You will need a box cutter with a new blade and scissors for cutting the Tolex and grill cloth.   An electric stapler is very handy.  You will also need flat head and Phillips head screw drivers, a hammer, a roller, and a square.
  1. Gently clean all the hardware and logo using alcohol and cotton swabs.  Use Never-Dull to remove any light corrosion.
  2. Using cotton swabs and alcohol gently clean the input jacks contacts.
  3. Cut a piece of grill cloth about the same size as the original.  Install in the frame using an electric stapler.  Four hands are helpful with this step.  Two hands for stretching the fabric while the other person staples.
  4. Install the Fender logo.
  5. Using the old Tolex panels, cut new pieces.
  6. Apply the new Tolex panels in the following order: left side, right side, top, bottom
  7. To apply each piece, you must spray the surface with adhesive where the Tolex piece will be applied as well as the Tolex itself.  We found a liberal coating of adhesive on both worked best.  Avoid spraying areas that you are not working on since it only makes the job messier than needed.  Take care not cover up the Velcro strips.
  8. Use the roller to smooth out the fit and remove air bubbles.
  9. Using the box cutter and scissors, cut and fit each piece following the old Tolex as a template / guide.  We found it more effective and precise to make the cuts with the piece in place for the purpose of optimizing the fit.  Use your hands to make sure that each corner it good and tight.
  10. Once all the Tolex is in place, let it dry and harden for awhile before proceeding.
  11. Using a small sharp screw driver, poke holes through the Tolex where each screw is supposed to go.
  12. Install the aluminum shield.  Carefully align the shield holes with the cabinet holes.  We used brass flat head tacks instead of staples using the holes left by the old staples.
  13. Install the feet by tapping in gently with a hammer.
  14. Install the handle.
  15. Replace the potentiometers one at a time.  Take care to wire exactly as original.  Inspect visually when complete to make sure there are no cold solder joins or shorts between leads.
  16. Gently clean the amplifier face and knobs with cotton swabs and alcohol.
  17. Install the speaker
  18. Reinstall the amplifier module into the cabinet.
  19. Reconnect the speaker.
  20. Install the speaker grill.
  21. Install the back panels.
  22. Install a replacement power plug.
  23. Test the amplifier.


We were very pleased with the outcome of our restoration work.  The restored amplifier looked just beautiful.  It was a wonderful experience to be able to adjust the potentiometers silently.  All the intermittent issues went away as well.  The amp was quiet and sounded warm and wonderful.  Plugging and unplugging the amplifier from the wall was no longer a scary task.  We were also delighted to find that all the materials we had purchased were perfect for the job.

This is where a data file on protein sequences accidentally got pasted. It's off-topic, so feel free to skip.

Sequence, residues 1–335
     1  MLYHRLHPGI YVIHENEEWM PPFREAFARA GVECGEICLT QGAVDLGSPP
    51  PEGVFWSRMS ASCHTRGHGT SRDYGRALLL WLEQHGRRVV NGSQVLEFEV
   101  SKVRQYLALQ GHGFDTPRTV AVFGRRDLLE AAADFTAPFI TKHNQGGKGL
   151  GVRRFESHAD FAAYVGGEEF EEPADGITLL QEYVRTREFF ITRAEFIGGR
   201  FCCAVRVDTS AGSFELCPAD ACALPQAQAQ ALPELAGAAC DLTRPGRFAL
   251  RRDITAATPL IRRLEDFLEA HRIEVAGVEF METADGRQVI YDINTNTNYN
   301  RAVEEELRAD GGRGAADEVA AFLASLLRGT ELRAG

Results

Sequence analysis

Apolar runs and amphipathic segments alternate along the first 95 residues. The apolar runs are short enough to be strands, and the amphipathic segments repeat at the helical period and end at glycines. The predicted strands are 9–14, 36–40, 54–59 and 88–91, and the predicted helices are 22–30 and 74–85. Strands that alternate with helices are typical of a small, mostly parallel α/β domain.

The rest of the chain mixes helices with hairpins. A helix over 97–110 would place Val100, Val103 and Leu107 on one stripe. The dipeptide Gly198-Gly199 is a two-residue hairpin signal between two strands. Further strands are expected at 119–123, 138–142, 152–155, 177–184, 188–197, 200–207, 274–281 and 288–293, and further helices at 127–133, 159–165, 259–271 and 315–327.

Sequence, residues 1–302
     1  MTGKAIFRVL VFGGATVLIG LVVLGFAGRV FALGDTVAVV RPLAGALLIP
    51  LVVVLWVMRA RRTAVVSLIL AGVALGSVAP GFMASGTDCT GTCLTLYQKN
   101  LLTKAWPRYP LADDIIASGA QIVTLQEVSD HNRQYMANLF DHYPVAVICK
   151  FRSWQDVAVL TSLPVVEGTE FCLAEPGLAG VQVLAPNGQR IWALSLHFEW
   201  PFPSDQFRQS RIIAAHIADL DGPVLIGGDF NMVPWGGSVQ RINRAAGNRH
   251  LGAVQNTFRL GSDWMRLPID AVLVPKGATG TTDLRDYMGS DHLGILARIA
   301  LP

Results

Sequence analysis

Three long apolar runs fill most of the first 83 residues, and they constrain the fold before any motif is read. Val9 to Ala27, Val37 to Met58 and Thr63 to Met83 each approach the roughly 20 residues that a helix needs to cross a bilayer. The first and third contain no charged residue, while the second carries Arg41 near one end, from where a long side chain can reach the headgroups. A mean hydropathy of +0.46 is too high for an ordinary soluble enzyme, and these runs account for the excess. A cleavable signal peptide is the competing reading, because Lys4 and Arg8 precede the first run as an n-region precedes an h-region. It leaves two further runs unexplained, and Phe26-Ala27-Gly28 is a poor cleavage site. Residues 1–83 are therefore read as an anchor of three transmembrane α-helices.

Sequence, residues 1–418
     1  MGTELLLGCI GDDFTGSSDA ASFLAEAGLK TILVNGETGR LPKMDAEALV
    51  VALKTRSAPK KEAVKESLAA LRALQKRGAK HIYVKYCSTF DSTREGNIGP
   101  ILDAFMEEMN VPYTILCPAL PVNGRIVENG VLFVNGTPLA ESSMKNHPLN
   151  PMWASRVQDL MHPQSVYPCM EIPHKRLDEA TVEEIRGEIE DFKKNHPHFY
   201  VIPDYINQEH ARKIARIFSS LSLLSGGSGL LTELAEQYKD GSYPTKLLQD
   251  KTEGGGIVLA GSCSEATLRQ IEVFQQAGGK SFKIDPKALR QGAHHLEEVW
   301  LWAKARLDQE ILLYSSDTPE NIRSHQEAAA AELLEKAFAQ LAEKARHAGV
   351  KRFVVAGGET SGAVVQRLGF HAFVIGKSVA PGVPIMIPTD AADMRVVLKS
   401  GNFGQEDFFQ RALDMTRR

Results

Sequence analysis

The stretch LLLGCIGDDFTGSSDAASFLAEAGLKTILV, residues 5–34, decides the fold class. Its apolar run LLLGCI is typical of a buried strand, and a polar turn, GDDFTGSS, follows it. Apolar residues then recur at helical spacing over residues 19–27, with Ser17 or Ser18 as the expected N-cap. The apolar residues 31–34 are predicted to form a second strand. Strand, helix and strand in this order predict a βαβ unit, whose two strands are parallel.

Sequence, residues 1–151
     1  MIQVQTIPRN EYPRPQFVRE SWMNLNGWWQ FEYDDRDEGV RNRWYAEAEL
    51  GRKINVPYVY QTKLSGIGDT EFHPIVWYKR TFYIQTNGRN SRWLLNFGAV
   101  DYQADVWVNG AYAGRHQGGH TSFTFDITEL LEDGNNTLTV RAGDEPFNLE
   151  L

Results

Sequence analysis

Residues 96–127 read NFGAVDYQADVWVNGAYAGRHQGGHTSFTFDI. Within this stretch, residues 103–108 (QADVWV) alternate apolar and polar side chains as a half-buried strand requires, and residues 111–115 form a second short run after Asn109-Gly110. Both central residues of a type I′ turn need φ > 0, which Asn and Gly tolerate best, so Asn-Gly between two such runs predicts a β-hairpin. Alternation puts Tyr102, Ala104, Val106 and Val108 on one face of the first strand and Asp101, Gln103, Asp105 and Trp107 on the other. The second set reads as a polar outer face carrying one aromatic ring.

Beautifully restored Fender Champ amp front view
Fender Champ Silverface Amplifier - front view (after restoration)

Beautifully restored Fender Champ amp side view
Fender Champ Silverface Amplifier - side view (after restoration)

Rear view of the restored Fender Champ amp
Fender Champ Silverface Amplifier - back view (after restoration)

Restoring the amplifier helped us see just how well Fender designed and built the Champ.  With a little tender loving care the amplifier still sounds great after a having endured decades of considerable apparent hard use.

We would like to extend a special thank you to our friend who gave us this little gem-in-the-rough of a vacuum tube amplifier and the opportunity for a wonderful father-and-son restoration project.

Good DX and 73,


© Michael W. Maher and NJ2X.COM, 2015. Unauthorized use and/or duplication of this material without express and written permission from this blog’s author and/or owner is strictly prohibited. Excerpts and links may be used, provided that full and clear credit is given to Michael W. Maher and NJ2X.COM with appropriate and specific direction to the original content.


EJM said...


Don't recall what radio rabbit hole I started down, but ended up reading with interest your posting about restoring your Fender Champ. As it happens I too have one in my garage that is ripe for restoration. My question, approximately how much Tolex did you need to order to do the restoration?


NJ2X said...

Hi Eric,

I am sorry, I don't recall how much Tolex I ordered. You need enough to cover the surface area plus a margin. A good way to figure it out would be to measure and calculate the area of each Tolex panel. Then sum the areas of each of the panels. Include a safety margin in case you make a mistake cutting. Good luck with your project.